The -3dB point is your cutoff frequency. It's just standard practice to define it that way. In order to find what your values should be, I'd go with equal element implementation (it's simpler, and you can correct for gain with a simple gain stage later if you need to). Choose R1=R2, C1=C2, and pick a value for either R or C. This yields the following formula for the cutoff frequency: $$f_0=\frac{1}{2\pi RC}$$ I generally choose a value of C initially, as it's easier to find or make a resistor with a strange value, whereas it's more difficult with capacitors. So, set your cutoff frequency equal to f0, and solve for R.

Here's an example: let's say I want a LPF with f0=250 Hz. I'll choose C to be 0.1 micro and solve for R. $$250=\frac{1}{2\pi RC} \rightarrow 250=\frac{1}{2\pi R(0.1x10^{-6})}\rightarrow R\approx6400\Omega.$$

From there, all you need to do is implement your circuit. Once you know what your value for R is supposed to be, you can use a dual-channel potentiometer that has the correct resistance within it's range in place of the two resistors (for the above example, something like a 10k ohm potentiometer would do the trick). This will allow you to change your cutoff frequency, since it's based upon both R and C.

Edit: As Matt Young suggested in the comments, adding a resistor in series with the potentiometer will set the maximum cutoff, and prevent shorts. It's an excellent addition to the circuit, and will keep some sanity when adding the potentiometers.

• Put a resistor the size of your smallest value in series with the rheostat configured pot. That will set your maximum value, and prevent shorts. – Matt Young Jun 25 '13 at 16:35
• Thanks Jay and Matt for your inputs! Very appreciated, I must say. A couple of questions more though. How does the value(s) of the capacitors matter? I mean, what difference, if any, will it be if I randomly choose 1nF compared to 0.1micro? – user2069136 Jun 26 '13 at 17:16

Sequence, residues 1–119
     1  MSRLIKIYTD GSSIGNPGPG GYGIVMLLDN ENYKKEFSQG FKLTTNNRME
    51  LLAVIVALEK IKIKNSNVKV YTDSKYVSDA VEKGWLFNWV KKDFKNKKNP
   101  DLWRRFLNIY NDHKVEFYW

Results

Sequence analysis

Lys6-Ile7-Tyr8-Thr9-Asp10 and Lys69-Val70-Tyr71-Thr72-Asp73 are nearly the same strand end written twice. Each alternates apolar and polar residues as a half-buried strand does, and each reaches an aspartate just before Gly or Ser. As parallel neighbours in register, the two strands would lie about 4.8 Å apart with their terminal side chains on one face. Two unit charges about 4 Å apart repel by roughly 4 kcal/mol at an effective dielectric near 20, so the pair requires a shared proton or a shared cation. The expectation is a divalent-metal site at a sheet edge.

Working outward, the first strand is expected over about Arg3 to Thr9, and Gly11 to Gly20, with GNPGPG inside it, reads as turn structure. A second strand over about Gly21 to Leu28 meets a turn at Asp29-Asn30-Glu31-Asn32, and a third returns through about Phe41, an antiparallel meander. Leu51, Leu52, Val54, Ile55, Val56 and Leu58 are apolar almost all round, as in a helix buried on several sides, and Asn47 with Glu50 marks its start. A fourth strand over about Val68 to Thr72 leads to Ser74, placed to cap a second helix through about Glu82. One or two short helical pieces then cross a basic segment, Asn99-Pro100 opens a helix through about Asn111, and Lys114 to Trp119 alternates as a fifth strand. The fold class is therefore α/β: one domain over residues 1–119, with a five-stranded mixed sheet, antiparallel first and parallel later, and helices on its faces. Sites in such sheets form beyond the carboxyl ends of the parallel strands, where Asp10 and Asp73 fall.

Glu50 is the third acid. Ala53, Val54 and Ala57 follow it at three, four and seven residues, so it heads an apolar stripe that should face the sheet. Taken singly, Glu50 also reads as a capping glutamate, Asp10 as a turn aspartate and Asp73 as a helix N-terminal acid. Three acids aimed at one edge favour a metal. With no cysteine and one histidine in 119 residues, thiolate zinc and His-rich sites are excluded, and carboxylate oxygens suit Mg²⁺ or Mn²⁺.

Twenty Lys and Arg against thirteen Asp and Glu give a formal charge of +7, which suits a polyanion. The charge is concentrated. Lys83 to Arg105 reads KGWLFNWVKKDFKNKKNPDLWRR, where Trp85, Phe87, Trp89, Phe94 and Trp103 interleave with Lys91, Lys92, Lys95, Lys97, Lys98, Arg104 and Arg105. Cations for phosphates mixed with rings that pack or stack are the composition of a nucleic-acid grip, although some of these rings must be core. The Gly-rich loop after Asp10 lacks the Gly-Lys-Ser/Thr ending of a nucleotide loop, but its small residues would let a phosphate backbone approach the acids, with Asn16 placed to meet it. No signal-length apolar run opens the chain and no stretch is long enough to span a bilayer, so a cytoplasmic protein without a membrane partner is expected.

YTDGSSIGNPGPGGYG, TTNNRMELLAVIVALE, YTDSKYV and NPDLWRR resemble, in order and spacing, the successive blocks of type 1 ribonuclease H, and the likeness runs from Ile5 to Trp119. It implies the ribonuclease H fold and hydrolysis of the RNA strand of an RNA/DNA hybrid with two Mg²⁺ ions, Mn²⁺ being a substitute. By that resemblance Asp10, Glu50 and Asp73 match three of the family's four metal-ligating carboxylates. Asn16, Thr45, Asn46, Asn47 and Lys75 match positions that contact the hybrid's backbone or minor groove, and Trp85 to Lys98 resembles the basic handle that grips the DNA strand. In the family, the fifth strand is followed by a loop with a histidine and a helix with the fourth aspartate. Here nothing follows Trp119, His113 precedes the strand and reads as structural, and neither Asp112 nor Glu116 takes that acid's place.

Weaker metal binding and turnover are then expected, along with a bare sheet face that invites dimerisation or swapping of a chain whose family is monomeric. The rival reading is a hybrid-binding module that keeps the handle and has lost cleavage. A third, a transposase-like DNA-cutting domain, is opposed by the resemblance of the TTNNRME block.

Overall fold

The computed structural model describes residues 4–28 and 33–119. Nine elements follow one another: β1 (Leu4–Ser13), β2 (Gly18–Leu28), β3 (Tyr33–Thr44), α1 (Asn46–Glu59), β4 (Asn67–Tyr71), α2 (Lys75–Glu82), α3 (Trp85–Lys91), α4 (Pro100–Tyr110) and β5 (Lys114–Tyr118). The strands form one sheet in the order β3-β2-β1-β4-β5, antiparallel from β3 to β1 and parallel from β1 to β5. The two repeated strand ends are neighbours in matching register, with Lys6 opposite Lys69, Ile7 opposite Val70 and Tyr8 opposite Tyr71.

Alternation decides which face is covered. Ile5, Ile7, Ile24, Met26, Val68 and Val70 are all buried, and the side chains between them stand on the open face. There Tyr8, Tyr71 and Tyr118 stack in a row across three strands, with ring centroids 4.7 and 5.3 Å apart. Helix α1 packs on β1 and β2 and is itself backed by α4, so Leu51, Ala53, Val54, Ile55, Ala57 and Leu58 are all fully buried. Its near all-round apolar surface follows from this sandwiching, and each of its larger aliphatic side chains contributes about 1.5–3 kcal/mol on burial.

• And one more regarding the formula for the cut-off frequency. The one you gave there $$f_o = \frac{1}{2\pi RC}$$ is based on the one Wiki states for the "natural frequency" (because you´ve set the Cs and Rs equal), correct? But what is the difference between this "natural" and the cut-off frequency? – user2069136 Jun 26 '13 at 17:26

The example in Wiki gives you a low pass filter at 15.9kHz - so start with that. C1 = C2 = 1nF

R1 = R2 = 10k

Because R1 = R2 and C1 = C2 then Q = 0.5

The values of C1 and C2 (=C) are fine, so the question is what value should the resistors be for a 5 to 20kHz filter. (a much simpler problem)

Provided we keep R1 = R2 = R

Then w = 1/CR

for 5kHz

     2 *pi*5000 = 1/CR
R = 32K (approx)


for 20KHz

      2 * pi*20000 = 1/CR
R = 8k (approx)


By using a ganged variable resistor you can change both resistance values at the same time which will maintain the Q value. • Put a resistor the size of your smallest value in series with the rheostat configured pot. That will set your maximum value, and prevent shorts. – Matt Young Jun 25 '13 at 16:35

Without working out the math for you, this is often harder than it seems it should be. It's probably not solvable just by changing one resistor for a pot, and you probably don't want to start using varicaps. Do you really need continuous change, or do you really need two different cutoffs. If you need two cutoffs, I suggest gang-switching however many components you need to, or maybe even building two separate filters and switching the outputs.

Also, keep in mind that a two pole filter is not a magic device that cuts off frequencies like a brick wall. The cutoff slope will be -40dB/decade, which may or may not be enough to meet your need.

Another approach would be to use a switched capacitor filter with more poles, and change the clock frequency to change your cutoff.